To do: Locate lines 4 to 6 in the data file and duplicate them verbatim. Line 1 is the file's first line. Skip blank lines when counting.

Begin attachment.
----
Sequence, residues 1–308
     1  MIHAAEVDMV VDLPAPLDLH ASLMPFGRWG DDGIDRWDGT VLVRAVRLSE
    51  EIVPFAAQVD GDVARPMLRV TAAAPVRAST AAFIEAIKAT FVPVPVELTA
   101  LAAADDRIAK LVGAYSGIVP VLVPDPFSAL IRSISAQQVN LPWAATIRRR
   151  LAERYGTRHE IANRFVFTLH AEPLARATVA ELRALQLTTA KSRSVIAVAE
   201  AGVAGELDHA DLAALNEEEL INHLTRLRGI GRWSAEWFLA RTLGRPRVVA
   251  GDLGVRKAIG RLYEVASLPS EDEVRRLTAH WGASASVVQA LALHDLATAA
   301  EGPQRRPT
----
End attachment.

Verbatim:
   101  LAAADDRIAK LVGAYSGIVP VLVPDPFSAL IRSISAQQVN LPWAATIRRR
   151  LAERYGTRHE IANRFVFTLH AEPLARATVA ELRALQLTTA KSRSVIAVAE
   201  AGVAGELDHA DLAALNEEEL INHLTRLRGI GRWSAEWFLA RTLGRPRVVA